We have had issues with momma cats here too. It is about the babies and being over protective. Have you considered letting her have some "outside of the room" time while leaving the kittens in? And then switching? It isn't perfect, but a possiblity. Or, since everyone is weaned, get her spayed and see if a spot is available at Petsmart. The one aggressive momma cat we had went back to the shelter asap after biting Ivy and attaching Mozart.

    As for Norman, would giving him a "treat" in another room work? Maybe a small part of a can of food to distract him? Mine have learned to leave me alone but I have had some fosters that get a "time out" during dinner....I feed them in their room and get to eat in peace.

  8. Oh - and sorry for the family chaos too....we are proud of your hubby for his service, but we know the separation must be hard.

    1. Thank you for all of the advice and the support. We'll be fine... done it before, will do it again. The beginning is always a bit crazy and stressful, though.

      I have tried feeding Norm in another room, but he eats so darn fast and always wants more. So it only lasts a few seconds and then he's howling for more (and to get out). We're going to work with some behavior modification tricks this week and see if anything works.

      And yes, I do believe that will be the plan for Mama... free time outside the room without the babies. We'll see how it goes. She isn't naturally crabby or aggressive. I think it's just protecting her babies... who are just fine, but she doesn't know that.

  9. Hugs Kelly! I don't know anything about the behavior issues Norman is going through sorry. I would think that Momma Jefferson is protecting her babies so I would just (as the others suggested) keep her separated.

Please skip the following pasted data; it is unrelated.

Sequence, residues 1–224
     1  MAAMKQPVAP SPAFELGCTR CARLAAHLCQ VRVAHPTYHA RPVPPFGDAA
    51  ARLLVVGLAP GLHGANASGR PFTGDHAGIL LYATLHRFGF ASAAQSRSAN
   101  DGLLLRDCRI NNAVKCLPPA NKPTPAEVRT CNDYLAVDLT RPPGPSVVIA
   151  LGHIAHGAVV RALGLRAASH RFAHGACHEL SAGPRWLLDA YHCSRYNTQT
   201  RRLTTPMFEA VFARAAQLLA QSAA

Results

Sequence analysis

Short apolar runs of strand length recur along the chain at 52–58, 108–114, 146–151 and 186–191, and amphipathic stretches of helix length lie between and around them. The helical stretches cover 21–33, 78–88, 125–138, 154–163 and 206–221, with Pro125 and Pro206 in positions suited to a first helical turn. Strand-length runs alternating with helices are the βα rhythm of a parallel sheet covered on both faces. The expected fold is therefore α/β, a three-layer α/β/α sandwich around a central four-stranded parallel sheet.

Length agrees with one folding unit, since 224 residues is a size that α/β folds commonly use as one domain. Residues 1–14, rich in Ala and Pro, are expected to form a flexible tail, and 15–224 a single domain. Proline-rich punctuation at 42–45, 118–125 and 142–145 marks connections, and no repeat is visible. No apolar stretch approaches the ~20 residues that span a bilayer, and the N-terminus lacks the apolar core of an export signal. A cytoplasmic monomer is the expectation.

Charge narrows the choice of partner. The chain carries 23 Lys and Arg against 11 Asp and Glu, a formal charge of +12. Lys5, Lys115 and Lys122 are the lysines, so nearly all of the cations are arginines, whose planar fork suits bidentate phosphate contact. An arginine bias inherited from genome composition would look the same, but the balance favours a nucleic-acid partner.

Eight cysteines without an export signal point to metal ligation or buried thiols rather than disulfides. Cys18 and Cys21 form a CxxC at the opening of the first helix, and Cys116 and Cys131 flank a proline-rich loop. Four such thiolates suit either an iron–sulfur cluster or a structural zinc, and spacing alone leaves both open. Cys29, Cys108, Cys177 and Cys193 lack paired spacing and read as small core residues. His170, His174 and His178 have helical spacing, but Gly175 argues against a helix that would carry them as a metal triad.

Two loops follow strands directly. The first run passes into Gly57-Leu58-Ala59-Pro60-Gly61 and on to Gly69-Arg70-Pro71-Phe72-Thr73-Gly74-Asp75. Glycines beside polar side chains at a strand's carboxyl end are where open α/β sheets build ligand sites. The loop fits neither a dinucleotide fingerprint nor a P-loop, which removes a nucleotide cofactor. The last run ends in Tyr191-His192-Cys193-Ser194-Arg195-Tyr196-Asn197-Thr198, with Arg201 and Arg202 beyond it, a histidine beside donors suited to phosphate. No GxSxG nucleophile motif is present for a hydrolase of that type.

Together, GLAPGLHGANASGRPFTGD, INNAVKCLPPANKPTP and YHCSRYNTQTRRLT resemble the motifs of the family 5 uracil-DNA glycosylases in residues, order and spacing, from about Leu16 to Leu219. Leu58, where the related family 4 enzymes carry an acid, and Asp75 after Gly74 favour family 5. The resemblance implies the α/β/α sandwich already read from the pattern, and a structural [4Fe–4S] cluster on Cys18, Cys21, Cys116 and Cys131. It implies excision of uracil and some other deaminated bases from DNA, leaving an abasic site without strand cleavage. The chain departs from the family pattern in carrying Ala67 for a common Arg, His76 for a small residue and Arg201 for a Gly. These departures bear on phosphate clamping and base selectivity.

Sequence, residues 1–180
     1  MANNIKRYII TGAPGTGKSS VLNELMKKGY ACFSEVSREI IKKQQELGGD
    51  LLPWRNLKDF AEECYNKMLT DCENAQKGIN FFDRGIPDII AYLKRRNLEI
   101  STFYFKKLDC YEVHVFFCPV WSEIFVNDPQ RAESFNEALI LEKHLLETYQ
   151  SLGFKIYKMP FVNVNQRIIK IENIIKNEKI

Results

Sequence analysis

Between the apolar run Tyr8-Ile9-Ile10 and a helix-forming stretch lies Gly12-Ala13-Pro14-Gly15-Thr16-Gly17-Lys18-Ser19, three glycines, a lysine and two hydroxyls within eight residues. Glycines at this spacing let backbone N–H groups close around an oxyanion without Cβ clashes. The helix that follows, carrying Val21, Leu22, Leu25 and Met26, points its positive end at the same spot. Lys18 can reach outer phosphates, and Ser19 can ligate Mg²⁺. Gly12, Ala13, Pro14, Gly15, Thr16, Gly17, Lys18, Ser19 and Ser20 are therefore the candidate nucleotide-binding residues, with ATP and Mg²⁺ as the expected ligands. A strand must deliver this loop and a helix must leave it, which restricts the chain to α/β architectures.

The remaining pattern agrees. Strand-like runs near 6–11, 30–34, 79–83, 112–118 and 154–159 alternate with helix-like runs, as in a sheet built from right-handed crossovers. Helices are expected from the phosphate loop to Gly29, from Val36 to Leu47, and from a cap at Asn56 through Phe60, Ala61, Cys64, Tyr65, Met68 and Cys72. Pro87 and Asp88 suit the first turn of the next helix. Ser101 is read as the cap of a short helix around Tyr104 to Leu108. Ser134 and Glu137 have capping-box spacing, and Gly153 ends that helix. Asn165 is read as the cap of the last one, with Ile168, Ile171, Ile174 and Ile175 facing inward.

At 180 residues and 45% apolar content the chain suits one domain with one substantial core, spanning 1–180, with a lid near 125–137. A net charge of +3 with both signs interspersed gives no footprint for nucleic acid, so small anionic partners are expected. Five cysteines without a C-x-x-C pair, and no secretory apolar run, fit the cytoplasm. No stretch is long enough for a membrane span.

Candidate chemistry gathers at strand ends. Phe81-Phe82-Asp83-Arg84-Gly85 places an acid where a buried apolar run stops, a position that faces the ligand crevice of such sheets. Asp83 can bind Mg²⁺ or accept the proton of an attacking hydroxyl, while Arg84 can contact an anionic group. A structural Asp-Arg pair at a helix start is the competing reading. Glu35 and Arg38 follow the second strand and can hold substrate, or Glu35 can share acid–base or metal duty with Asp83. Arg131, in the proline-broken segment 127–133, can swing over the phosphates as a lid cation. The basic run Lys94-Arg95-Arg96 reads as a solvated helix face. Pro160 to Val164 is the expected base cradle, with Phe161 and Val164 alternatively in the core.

As far as releasing the fosters, I think it's just a good thing they are not HUMAN. I used to work in daycare, so I understand the special connection you get with some of them while caring for all of them like your own. You will figure out the right thing to do.

    Sorry that your family life is topsy-turvy right now as well. If you or your husband needs a stopping place (like because of bad weather or whatever) for a bit as you are passing through let me know. We don't have an actual extra room, but in a pinch we could make something work.

    1. The consensus at the vet today was that I'll always have kittens whenever I want them by fostering (and that this group is so adorable that they'll pretty much get adopted right away). That is my thinking too. As much as I love them, I didn't bring them home to be mine. And if you forced me to choose, I probably couldn't pick just one. And if you asked my kids, they would each pick a different one. So... we'll see what happens this weekend.

      Thank you for your kind and generous offer. Should I pack up a certain Henry Washington for the next drive through your state? ;-) Kidding... maybe HE'S the one I'm going to keep.

  10. Replies
    1. Thank you!! Check back in a few days when I'll include it on the blog :)


    Congratulations to Penelope Jean ;)

    1. Awesome!! I think I know what Santa is bringing the boys (along with their new heat pads)

  12. You might try giving Norman a little treat when you start and letting him run off with it. If it is small, he might not cough it up. If you put it in his safe spot, he might be content with that one bit until his real dinner.

    The momma cat stuff is probably just momma cat defensiveness. Try letting her out without her babies and she may well be just like before.